somehow I manage to leave my intelligence and decorum at the door wherever I go. I doubt your journal will be an exception to that - not on the rug

    What the F&#* is a decorum? - Mr. Anthony

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    I have Diamonds Collapse: How Societies Choose to Fail or Succeed and read most of it but yeah he meanders a lot which is why I never finished it. I think Joseph Tainter is more on point with his energy spiral and complexity argument: Collapse of Complex Societies by Dr. Joseph Tainter (1 of 7) - YouTube

    This is a summary of the above lecture. At the heart of our social problem is that ours is based upon fossil fuels which are not sustainable and as of right now there is nothing, not anything, that can replace those fuel sources declines or have the net energy return they've supplied. In the face of all that we have a government (and governed) who is increasingly adding to social complexity. Obamacare is only the latest of such attempts at solving problems with increased complexity.



    If you haven't seen this I highly recommend: The Crash Course | Peak Prosperity Chris Martenson was VP of a fortune 300 company (Pfizer I think). He downsized his life from the corporate rat race. He spent 6 months putting together The Crash Course and, as he puts it, gave it away for free. It ties together the 3 "E's" economic, energy, and environment.

    Tainter's 7 part lecture, The Crash Course, and Mary Logan's Withering Complexity Dr. Mary Logan - Whither Complexity? are, in one way or another, all saying the same thing. There are young people reading this message board who can expect to see that global famine in their life time. Between 2008 and 2030 the global oil industry needs to put online the equivalent of 6 new Saudi Arabias, 4 of which are simply to replace declining fields. We'll replace a lot of it...but it'll have to come from unconventional plays like shale and tar sands. That's very expensive to drill and produce (both in engineering complexity and in economics) which will push down the net energy return from the effort and drive up the relative cost of living.....back on thread topic
    Would I be putting a grain-feed cow on a fad diet if I took it out of the feedlot and put it on pasture eating the grass nature intended?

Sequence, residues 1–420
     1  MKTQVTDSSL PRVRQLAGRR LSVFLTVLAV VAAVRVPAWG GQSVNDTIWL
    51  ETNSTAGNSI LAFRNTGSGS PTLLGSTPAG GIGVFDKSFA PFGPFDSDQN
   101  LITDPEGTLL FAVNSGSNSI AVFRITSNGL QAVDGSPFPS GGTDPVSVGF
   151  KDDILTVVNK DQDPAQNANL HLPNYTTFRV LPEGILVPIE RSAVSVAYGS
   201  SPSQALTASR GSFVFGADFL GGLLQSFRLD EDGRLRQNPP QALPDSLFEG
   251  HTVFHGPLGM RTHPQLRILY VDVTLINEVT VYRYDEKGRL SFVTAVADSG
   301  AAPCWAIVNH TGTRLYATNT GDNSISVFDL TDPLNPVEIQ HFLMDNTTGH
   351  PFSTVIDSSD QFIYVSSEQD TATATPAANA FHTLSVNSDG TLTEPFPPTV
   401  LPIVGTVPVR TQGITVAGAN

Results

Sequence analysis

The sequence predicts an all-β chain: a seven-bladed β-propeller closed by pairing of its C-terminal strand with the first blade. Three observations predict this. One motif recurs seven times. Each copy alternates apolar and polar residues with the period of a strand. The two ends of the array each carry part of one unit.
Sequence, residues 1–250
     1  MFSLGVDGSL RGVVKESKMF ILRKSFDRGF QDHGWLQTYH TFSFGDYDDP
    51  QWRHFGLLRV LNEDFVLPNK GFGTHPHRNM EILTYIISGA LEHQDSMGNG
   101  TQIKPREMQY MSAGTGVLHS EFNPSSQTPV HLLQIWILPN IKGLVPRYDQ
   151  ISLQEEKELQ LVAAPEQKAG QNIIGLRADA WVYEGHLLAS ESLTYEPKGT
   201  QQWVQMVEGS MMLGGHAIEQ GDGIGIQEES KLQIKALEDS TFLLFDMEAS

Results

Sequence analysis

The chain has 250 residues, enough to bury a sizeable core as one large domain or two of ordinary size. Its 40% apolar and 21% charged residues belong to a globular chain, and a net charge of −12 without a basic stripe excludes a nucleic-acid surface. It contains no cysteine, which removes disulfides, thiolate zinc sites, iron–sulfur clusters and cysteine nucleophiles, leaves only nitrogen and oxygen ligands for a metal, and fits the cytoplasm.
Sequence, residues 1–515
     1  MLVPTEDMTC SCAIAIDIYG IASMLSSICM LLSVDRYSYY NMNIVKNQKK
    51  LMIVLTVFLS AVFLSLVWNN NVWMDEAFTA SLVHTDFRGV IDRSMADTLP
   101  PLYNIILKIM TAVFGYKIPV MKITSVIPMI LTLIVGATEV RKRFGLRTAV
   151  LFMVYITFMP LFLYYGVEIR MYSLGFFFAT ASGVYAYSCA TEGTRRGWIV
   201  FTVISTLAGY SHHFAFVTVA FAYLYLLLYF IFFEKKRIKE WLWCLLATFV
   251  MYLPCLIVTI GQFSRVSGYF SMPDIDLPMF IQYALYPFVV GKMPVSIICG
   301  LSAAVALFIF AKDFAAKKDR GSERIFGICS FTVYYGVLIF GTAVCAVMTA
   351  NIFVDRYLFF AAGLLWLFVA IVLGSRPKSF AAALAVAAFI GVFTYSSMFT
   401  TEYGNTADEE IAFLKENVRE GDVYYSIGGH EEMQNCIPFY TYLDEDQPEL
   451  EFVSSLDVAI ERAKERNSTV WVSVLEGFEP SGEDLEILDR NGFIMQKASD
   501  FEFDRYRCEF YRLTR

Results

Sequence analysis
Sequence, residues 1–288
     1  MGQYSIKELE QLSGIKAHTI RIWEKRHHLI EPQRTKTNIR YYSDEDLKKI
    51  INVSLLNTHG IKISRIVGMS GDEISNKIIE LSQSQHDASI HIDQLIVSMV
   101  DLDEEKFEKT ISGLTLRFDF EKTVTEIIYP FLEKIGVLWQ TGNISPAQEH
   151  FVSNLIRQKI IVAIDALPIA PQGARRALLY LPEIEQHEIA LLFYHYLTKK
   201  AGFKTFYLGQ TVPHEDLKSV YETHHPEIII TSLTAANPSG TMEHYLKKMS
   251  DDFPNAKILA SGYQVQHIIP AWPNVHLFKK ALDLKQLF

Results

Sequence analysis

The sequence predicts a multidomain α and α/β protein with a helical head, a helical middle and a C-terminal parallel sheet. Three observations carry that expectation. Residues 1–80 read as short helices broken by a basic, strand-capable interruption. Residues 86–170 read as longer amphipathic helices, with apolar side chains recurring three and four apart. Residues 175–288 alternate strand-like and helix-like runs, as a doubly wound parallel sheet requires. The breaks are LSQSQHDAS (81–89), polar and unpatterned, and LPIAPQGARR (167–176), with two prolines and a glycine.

8. #518
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    A longish read, but very well worth it. And off topic, but not really.
    There is hope for us yet... maybe...

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    Quote Originally Posted by canio6 View Post
    Well, considering the vast majority of teachers, especially in the early, formative years, are women, you all only have yourselves to blame. Gheesh, women failing again.

    Here's one of the criticism of the education system I've seen coming from scientists like Ann Moir: If the vast majority of teachers are women and they believe gender behavior is socialized are boys being hampered by that socialization paradigm? If it's in a boy's nature to be active and roam how many of them are being accused of having ADHD when they may simply be acting genetically normal, simply because they fidget and don't stay in their chair?
    Would I be putting a grain-feed cow on a fad diet if I took it out of the feedlot and put it on pasture eating the grass nature intended?

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    Quote Originally Posted by Scott F View Post
    Here's one of the criticism of the education system I've seen coming from scientists like Ann Moir: If the vast majority of teachers are women and they believe gender behavior is socialized are boys being hampered by that socialization paradigm? If it's in a boy's nature to be active and roam how many of them are being accused of having ADHD when they may simply be acting genetically normal, simply because they fidget and don't stay in their chair?
    I've read the same and think there is some merit to the idea, especially given that something like 85%+ of elementary teachers (at least in the US) are women. Add in the large number of single mothers raising boys and you have yet more female influence. I'm not saying this is bad necessarily but I can see it having an influence on the development of the male mind these days.

    Edit: As for ADD, I think this could be part of it, but I also consider it part of the culture of irresponsiblity/self-esteem movement. "I must be a good parent because I exist; as such my kid must have a problem, since he is not perfect, therefore, medication!"
    somehow I manage to leave my intelligence and decorum at the door wherever I go. I doubt your journal will be an exception to that - not on the rug

    What the F&#* is a decorum? - Mr. Anthony